On Being Okay with the Truth

On January 11, 2007, I timidly whispered to myself: “There is no God.”

And with that, all my Christian dreams and hopes and purposes and moral systems came crashing down.

I wrote a defiant email to the host of an atheist radio show I’d been listening to:

I was coming from a lifetime high of surrendering… my life to Jesus, releasing myself from all cares and worries, and filling myself and others with love. Then I began an investigation of the historical Jesus… and since then I’ve been absolutely miserable. I do not think I am strong enough to be an atheist. Or brave enough. I have a broken leg, and my life is much better with a crutch… I’m going to seek genuine experience with God, to commune with God, and to reinforce my faith. I am going to avoid solid atheist arguments, because they are too compelling and cause for despair. I do not WANT to live in an empty, cold, ultimately purposeless universe in which I am worthless and inherently alone.

I was not okay with the truth. I had been taught that meaning and morality and hope depended on God. If God didn’t exist, then life was meaningless.

My tongue felt like cardboard for a week.

But when I pulled my head out of the sand, I noticed that millions of people were living lives of incredible meaning and morality and hope without gods. The only thing I had ‘lost’ was a lie, anyway.

This crisis taught me a lesson: that I could be okay with the truth.

When I realized that I am not an Unmoved Mover of my own actions, I was not much disturbed. I realized that ‘moral responsibility’ still mattered, because people still had reasons to condemn, praise, punish, and reward certain actions in others. And I realized that I could still deliberate about which actions were likely to achieve my goals, and that this deliberation would affect my actions. Apples didn’t stop falling from trees when Einstein’s equations replaced Newton’s, and humans didn’t stop making conscious choices that have consequences when we discovered that we are fully part of nature.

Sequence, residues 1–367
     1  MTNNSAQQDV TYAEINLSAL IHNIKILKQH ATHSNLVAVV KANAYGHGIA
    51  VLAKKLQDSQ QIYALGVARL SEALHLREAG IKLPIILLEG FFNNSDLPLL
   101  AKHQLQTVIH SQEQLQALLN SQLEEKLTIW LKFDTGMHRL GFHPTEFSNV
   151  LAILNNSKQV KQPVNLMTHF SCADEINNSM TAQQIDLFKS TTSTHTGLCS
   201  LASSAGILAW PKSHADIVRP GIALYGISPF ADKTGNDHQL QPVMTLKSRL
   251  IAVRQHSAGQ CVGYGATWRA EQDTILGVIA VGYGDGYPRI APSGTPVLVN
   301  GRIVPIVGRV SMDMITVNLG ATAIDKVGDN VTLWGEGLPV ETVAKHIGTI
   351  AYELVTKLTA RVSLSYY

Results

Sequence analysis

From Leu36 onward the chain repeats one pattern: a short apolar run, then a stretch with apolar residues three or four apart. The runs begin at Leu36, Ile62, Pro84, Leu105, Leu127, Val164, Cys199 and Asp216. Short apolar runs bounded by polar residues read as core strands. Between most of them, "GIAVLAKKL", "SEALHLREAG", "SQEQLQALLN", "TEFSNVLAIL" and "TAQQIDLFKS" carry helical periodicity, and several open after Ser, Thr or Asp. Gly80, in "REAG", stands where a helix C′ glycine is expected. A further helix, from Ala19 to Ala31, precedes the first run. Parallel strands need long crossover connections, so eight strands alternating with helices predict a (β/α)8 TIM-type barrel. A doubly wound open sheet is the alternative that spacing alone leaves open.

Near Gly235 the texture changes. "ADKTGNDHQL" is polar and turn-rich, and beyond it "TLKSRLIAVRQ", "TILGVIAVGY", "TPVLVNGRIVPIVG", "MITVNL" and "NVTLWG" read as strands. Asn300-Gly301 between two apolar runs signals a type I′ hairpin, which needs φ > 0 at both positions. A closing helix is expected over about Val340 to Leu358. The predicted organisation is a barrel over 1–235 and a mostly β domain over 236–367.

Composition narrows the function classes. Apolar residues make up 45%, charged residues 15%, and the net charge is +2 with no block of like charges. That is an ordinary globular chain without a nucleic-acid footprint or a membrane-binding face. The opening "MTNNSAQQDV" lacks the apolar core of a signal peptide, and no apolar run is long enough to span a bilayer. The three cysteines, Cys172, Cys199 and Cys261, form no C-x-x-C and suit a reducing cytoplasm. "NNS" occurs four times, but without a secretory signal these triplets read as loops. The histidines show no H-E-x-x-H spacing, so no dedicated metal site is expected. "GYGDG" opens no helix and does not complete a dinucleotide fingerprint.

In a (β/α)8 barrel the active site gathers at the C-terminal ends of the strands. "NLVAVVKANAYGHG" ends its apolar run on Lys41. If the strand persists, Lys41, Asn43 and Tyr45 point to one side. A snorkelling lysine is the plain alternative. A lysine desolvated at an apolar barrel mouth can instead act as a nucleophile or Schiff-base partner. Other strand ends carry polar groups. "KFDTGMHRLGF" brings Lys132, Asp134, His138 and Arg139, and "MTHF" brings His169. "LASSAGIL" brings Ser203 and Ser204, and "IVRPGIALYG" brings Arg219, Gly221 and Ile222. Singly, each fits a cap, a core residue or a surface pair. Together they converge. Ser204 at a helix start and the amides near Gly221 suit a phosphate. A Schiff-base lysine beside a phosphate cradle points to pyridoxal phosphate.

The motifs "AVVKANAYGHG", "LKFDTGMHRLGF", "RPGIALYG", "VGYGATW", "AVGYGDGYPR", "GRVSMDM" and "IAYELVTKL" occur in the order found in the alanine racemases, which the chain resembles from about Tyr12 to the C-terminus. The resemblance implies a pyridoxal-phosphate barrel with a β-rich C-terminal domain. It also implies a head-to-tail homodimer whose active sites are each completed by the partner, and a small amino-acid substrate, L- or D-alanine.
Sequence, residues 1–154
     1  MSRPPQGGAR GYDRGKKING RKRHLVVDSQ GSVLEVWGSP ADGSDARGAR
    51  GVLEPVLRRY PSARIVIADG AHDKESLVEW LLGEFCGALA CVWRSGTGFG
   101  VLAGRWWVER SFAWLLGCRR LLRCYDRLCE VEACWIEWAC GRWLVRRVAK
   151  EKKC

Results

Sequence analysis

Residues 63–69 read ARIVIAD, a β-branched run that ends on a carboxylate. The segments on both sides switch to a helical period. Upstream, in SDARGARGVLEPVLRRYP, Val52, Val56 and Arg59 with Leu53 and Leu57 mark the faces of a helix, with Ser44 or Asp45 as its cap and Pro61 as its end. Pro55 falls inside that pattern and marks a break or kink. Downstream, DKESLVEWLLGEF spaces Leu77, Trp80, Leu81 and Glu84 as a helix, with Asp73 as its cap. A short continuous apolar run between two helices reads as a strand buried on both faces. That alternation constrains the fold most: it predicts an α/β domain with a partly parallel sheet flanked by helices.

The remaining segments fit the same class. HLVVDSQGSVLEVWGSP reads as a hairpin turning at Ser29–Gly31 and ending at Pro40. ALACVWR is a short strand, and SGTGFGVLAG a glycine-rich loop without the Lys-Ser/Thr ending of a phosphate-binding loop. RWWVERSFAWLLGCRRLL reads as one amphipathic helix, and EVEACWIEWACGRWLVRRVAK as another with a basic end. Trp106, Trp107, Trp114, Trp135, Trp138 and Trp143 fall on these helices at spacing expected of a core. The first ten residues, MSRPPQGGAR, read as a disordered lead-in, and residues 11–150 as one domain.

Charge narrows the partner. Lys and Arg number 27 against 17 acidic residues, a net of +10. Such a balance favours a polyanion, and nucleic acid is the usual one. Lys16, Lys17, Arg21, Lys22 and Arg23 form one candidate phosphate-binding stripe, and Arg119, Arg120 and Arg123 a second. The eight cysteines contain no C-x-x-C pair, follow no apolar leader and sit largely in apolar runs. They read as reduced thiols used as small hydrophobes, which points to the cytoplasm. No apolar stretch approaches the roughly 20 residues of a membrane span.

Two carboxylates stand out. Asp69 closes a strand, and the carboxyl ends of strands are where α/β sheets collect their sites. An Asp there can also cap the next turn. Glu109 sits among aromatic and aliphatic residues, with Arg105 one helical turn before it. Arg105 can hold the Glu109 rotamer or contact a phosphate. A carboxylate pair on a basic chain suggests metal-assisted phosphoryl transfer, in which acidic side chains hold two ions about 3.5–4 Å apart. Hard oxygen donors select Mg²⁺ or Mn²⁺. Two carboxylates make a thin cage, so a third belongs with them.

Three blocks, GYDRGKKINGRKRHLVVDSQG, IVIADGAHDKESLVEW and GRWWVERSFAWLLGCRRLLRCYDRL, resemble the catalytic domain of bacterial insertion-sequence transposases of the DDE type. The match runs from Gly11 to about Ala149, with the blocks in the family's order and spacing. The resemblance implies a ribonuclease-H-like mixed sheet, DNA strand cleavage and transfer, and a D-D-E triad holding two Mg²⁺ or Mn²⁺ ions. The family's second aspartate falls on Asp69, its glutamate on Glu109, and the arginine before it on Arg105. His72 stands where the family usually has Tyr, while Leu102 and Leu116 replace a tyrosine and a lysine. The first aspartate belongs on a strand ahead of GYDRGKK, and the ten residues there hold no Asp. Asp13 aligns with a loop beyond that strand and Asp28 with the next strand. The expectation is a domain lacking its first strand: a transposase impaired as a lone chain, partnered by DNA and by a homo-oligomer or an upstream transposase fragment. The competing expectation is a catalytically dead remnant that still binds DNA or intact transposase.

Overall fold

I didn’t freak out when I gave up moral absolutism, either. I had learned to be okay with the truth. Whatever is meant by ‘morality’, it remains the case that agents have reasons to praise and condemn certain desires and actions in other agents, and that there are more reasons to praise and condemn some actions than others.

I’ve gone through massive reversals in my metaethics twice now, and guess what? At no time did I spontaneously acquire the urge to rape people. At no time did I stop caring about the impoverished. At no time did I want to steal from the elderly. At no time did people stop having reasons to praise or condemn certain desires and actions of mine, and at no time did I stop having reasons to praise or condemn the desires and actions of others.

We humans have a tendency to ‘freak out’ when our model of the world changes drastically. But we get over it.

The love a mother has for her child does not disappear when we explain the brain processes that instantiate that love. Explaining something is not explaining it away. Showing that love and happiness and moral properties are made of atoms does not mean they are just atoms. They are also love and happiness and moral properties. Water was still water after we discovered which particular atoms it was made of.

When you understand this, you need not feel the threat of nihilism as science marches on. Instead, you can jump with excitement as science locates everything we care about in the natural world and tells us how it works. Along the way, you can take joy in the merely real.

Whenever you ‘lose’ something as a result of getting closer to the truth, you’ve only lost a lie. You can face reality, even the truth about morality.

People can stand what is true,
for they are already enduring it.

- Eugene Gendlin